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Operation Fortune: Golden Guy and systemic risk

Operation Fortune: Golden Guy and systemic risk

Operation Fortune: Golden Guy and systemic risk

Gold is at the centre of the plot of the new Guy Ritchie film, Operation Fortune.  If you haven’t seen it – here’s a quick synopsis.

Part of the plot revolves around a nefarious scheme to disrupt the global banking system with stolen AI software – which, they believe, will cause a massive spike in the price of gold (from which, of course, the villains will benefit). 

So – how crazy is this scenario?

It’s unlikely that Hugh Grant will steal AI software and cause the global banking system to grind to a halt. However, events putting the banking system at risk? That is not so far-fetched. 

One of the many reasons investors include gold in their portfolios, alongside protection from inflation, is protection from systemic risks, including the risk that the banking system itself fails. 

What is systemic risk? 

Systemic risk is the possibility that an event could trigger severe instability, or collapse an entire industry or economy. 

Financial systems and the financial sector are especially vulnerable to systemic risk – more so than other sectors of the economy, because of the complex network of exposures among financial institutions. One bank collapse may affect others, and counterparties and other financial contracts may also affect other positions held (on futures for example). For a fuller explanation about systemic risks to the financial sector check out this previous article

So on the systemic risk front, Ritchie has identified a real and present threat.

History has shown that systemic risks can have outsized impacts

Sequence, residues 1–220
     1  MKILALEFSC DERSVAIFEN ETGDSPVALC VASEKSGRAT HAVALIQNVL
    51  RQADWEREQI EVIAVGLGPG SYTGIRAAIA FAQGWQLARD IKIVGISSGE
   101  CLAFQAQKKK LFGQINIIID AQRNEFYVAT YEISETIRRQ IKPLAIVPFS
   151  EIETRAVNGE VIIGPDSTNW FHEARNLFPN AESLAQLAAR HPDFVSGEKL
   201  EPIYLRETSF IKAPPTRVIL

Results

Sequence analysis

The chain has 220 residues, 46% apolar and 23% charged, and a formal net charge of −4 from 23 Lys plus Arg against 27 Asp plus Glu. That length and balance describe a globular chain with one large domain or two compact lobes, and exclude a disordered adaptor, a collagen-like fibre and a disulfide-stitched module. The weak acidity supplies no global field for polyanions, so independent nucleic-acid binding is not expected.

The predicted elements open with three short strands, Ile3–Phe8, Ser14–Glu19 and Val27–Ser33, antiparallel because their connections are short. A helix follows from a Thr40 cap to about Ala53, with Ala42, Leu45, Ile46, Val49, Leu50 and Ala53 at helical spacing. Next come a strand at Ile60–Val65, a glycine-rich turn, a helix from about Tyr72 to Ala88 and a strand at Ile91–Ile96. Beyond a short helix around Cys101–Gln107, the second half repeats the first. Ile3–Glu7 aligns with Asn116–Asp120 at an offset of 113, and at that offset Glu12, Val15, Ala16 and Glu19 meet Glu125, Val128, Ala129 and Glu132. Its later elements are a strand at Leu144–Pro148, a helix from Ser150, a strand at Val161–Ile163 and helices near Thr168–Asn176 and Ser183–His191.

Systemic risk was a major contributor to the financial crisis of 2008 – cheap credit and lax lending standards fuelled a housing bubble in the US. Sub-prime mortgages were ‘bundled’ and on-sold, leaving banks exposed with trillions of dollars of worthless investments once the housing bubble burst. This systemic risk brought down not only several banks and investment houses, but caused a world-wide recession as the ripple effect impacted almost all developed nations. 

In the 1990s Japan experienced a severely deflationary stock market, which caused bank, and real estate crashes – taking almost two decades  to recover. 

Potential real-world systemic risks

Whilst Ritchie’s AI software scenario probably does belong on a movie screen, there are other risks that have the potential to severely impact our financial systems. 

Large cyber breaches on single companies have happened recently. Cyber security is a real and present issue globally – and although thus far, the impacts have been constrained to the companies and their customers, it’s possible that this type of issue could have more widespread impacts – especially in the financial and banking sectors.

Many believe that climate change is also a potential systemic risk and we’re experiencing the early signs of it right now – with severe weather events impacting insurance companies and the institutions that hold them as investments.  The floods in northern NSW in Feb 2022 are the second-costliest event in the world for insurers in 2022, and the most expensive disaster in Australian history.  Such serious weather events on a broader scale could contribute to a systemic failure. 

However, the most dangerous systemic risks are the ones that are hidden – if you can’t see them, it’s hard to plan to mitigate the risk.

So what does this mean for gold?

In times of political and economic uncertainty, investors often flock to the safe-haven asset of gold because, when owned in physical form, gold offers systemic risk protection. This means that unlike most other forms of wealth that depend on the smooth functioning of a wider system in order to retain its value, gold does not. 

And historically, in the aftermath of systemic failure, the price of gold is quick to rise. (Guy Ritchie got that right too). 

With Rush Gold, you have direct title to gold, stored in your name in vaults in Sydney, so with a systemic failure your gold is safe. 

But what if Rush were the organisation to fail? We don’t think it will happen – but even if that were the case, you retain full ownership of your gold under Australian Law. It’s still yours and you would be able to retain the full value whether we’re still around or not.

The golden rule: If you have direct title to gold, then it’s yours – whatever’s happening around you. 

So if you see Hugh Grant coming at you looking conspiratorial, you can breathe freely, because you can rely on Rush Gold.

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